During his years in practice, Eli wrote an additional book, The Fitness Compulsion (1988). He pursued his love for all things creative, automotive and electronic. He wired two houses from the ground up as an amateur electrician, and played a major role in the design of both homes. His love for science, architectural design and do-it-yourself projects combined in amazing ways in his artwork, including the occasional inclusion of hardware in his oils and sculptures. One example was his piece “Duchamp Meets Home Depot” (2009). He is also well- known for his works involving deconstructed 1950’s Buick and Chevrolet automobile hoods. He won the first of two juried art competitions for his favorite work in oil, “Hi-Fi 1964”. His work as an inventor was also award-winning, having produced a prototype (followed by many improvements over the years) of a pool heater that transfers waste air conditioner heat into swimming pool water. This invention received a grant from the United States Department of Energy and was featured in Popular Science Magazine (1978). He created numerous low-voltage halogen light fixtures, as well as many mixed media pieces. His work was featured in a solo show entitled “Art in the Post Big-Bang Period” in 2011. While not a musician himself, his love of serious music, especially chamber music, fueled his creative endeavors.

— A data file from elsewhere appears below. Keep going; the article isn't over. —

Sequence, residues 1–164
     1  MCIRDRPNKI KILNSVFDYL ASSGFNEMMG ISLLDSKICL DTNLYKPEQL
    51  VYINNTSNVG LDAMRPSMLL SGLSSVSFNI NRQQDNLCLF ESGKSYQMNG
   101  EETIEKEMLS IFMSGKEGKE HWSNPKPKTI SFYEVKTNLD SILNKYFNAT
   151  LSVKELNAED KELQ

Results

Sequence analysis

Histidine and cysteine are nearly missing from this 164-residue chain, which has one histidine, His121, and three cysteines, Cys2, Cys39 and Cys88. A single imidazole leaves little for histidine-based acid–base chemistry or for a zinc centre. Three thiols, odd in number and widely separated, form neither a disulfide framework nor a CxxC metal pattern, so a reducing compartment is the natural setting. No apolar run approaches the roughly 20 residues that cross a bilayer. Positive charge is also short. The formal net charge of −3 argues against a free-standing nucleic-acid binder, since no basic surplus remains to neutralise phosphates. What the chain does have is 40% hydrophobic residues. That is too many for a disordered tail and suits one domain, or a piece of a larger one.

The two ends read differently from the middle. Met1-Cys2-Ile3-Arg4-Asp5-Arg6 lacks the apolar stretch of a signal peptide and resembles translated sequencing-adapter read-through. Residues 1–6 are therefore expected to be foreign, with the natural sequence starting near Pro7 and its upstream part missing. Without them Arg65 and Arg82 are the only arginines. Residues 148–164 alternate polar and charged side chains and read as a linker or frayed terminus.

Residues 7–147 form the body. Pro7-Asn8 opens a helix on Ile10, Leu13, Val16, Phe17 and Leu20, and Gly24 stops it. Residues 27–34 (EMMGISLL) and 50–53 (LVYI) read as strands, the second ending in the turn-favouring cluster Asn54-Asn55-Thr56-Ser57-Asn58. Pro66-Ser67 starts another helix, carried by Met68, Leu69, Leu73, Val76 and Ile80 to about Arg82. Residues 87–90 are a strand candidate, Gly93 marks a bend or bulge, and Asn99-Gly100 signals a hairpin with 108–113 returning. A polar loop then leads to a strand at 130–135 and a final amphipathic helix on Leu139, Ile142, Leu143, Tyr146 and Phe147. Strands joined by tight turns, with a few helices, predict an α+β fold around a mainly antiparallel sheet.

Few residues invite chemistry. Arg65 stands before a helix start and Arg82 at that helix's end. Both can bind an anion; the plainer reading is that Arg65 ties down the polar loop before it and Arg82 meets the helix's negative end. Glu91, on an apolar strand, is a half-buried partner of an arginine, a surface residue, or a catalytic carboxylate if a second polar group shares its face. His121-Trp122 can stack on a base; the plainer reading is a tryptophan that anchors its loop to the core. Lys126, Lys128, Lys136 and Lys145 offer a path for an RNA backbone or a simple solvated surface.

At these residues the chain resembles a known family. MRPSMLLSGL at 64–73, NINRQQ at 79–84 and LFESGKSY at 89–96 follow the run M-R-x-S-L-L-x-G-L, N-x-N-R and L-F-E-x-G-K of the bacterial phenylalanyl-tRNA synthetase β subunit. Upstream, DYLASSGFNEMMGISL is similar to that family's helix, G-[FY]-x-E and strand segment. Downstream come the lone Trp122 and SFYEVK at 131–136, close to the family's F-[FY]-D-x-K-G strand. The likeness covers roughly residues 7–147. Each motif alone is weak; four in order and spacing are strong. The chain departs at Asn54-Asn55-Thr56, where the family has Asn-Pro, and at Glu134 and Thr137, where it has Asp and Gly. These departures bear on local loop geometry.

Eli is survived by his wife, Peggy Blue Chesen, daughters Chelsea (husband Michael Hollman) and A. Berkley Chesen, granddaughters Scout and Saylor Hanelt (Ben Hanelt), sister Susan Chesen Hawkins (husband Gary), brother Jerry Chesen, brother Edward Chesen (wife Debbie), mother-in-law Janet Ebers Blue, sister-in-law Rhonda Polzkill Blue, sister-in-law Connie Blue Milliken, six nieces, two nephews, and hundreds of much-loved patients. Eli’s wish for his ashes was for them to be spread around the Benedict Music Tent of the Aspen Music Festival in Aspen. CO. In lieu of a memorial service, Eli will be honored with a chamber music (string quartet) concert during the Lincoln Friends of Chamber Music 2024-25 Season, the details of which are TBA.

In lieu of flowers, donations may be sent to:
Lincoln Friends of Chamber Music
P.O. Box 82882
Lincoln, NE  68501

The University of Nebraska Foundation
1010 Lincoln Mall
Suite 300
Lincoln, NE  68508
**Please specify that funds be designated for the Glenn Korff School of Music (for Faculty Development/Programming) AND/OR the Department of Biology (for Faculty Development/Research)**

Share a Memory or Condolence

May 18, 2024